Overall, the Chicago defense should contain Fitzpatrick and company.  The Bills will likely keep the game competitive through short passes and a solid running game.  But the Bears’ ability to generate persistent pressure, coupled with their excellent run defense, will keep the Bills out of the end zone for most of the afternoon. 

Special Teams

The Bears, arguably, have the best return team in the NFL.  Danieal Manning and Devin Hester can score anytime they get the ball.  Look for Buffalo to kick away from Hester and Manning with directional kicks, meaning Chicago should enjoy excellent starting field position throughout the afternoon.

As for kicking, Bears kicker Robbie Gould is off to another stellar season, hitting 12 of 14 attempts this year.  Punter Brad Maynard, on the other hand, is mired in a slump, averaging a paltry 38.4 yards per punt.

Buffalo also has great special teams.  Kicker Rian Lindell is a reliable, accurate kicker and punter Brian Moorman remains one of the best punters in the NFL.  In the return game, Buffalo rookie CJ Spiller has already returned one kickoff for a 95-yard touchdown this season.  The Bears may also use directional kicks to limited Spiller’s return opportunities.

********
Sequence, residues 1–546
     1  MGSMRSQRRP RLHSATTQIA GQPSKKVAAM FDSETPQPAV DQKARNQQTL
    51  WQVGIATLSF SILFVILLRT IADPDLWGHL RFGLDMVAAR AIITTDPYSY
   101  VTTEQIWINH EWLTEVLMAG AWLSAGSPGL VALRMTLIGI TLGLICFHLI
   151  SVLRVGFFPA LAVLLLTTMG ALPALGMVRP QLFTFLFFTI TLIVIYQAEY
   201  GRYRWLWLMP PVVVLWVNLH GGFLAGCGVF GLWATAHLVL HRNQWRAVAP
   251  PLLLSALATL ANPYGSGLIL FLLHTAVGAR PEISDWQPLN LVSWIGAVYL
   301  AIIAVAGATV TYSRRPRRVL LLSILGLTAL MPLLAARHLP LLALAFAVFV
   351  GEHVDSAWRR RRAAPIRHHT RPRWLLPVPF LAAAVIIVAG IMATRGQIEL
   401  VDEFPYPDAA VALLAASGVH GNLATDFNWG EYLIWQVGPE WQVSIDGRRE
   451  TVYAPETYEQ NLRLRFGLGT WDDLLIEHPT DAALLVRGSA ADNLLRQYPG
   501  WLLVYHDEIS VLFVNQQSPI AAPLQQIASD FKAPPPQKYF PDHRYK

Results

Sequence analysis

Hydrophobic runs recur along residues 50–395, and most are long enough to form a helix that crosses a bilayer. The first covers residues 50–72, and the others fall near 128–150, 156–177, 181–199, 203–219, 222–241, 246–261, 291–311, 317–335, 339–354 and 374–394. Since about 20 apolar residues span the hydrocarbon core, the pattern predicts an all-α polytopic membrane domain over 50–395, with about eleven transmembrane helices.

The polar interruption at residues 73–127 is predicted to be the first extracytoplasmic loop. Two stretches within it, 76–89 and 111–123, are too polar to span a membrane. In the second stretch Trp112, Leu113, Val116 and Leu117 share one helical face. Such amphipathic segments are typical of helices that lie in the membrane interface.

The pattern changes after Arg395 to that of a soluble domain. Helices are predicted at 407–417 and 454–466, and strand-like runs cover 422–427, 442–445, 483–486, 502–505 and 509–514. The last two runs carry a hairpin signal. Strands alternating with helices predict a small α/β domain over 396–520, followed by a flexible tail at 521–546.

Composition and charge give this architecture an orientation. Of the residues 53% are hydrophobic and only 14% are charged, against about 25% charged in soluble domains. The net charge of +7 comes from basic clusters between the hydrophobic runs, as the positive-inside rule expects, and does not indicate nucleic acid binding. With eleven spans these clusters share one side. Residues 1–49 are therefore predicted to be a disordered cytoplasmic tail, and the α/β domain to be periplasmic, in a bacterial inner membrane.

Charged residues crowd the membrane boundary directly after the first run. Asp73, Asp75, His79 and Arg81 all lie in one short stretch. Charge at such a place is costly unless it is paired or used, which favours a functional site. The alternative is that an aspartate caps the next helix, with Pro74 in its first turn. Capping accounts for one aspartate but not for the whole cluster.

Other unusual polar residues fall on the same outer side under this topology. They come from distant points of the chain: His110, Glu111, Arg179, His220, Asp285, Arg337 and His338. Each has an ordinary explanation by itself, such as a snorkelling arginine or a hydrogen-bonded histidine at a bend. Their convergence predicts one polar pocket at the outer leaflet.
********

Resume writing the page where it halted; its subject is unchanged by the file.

Overall, this special teams matchup is draw.


The 2010 season is Chan Gailey’s first year as a head coach in Buffalo.  He has previous head coaching experience with the Dallas Cowboys and, in college, with Georgia Tech.

The first years as a head coach are typically difficult, as new systems often conflict with incompatible players.  Gailey and his staff are still trying to mold this team to fit their system—an undertaking that will likely take the rest of the season.  

In contrast to Gailey, Chicago’s head coach, Lovie Smith, has overseen the Bears for six years.  During his tenure, Smith has enjoyed some successful seasons, making the playoffs in 2005 and a Super Bowl appearance in 2006. 

Since 2006, the Bears have stagnated on defense and offense, leading to three years in a row without a playoff appearance.  Smith’s questionable personnel and play calling decisions have called into question his coaching acumen.  Most recently, the decision to bring in Mike Martz as the offensive coordinator has fueled the flames of dissent against Smith, especially as the Bears remain ineffective offensively.     

Overall, the coaching match-up is a draw, as both teams have played inconsistently since Week 1 and both teams are struggling to install new systems (3-4 defense in Buffalo and Martz offense in Chicago). 

Final Prediction

Considering the above analysis, the Bears should win this game behind a solid running game and strong defense.  Look for a big game from Forte and Taylor on offense.  Defensively, the Bears will likely generate enough pressure to keep Fitzpatrick out of sync most of the day.   

Assuming both teams stay healthy throughout the game, Chicago wins 24 to 14. 

Question to Fans: Who do you think will win this game, why and by how much?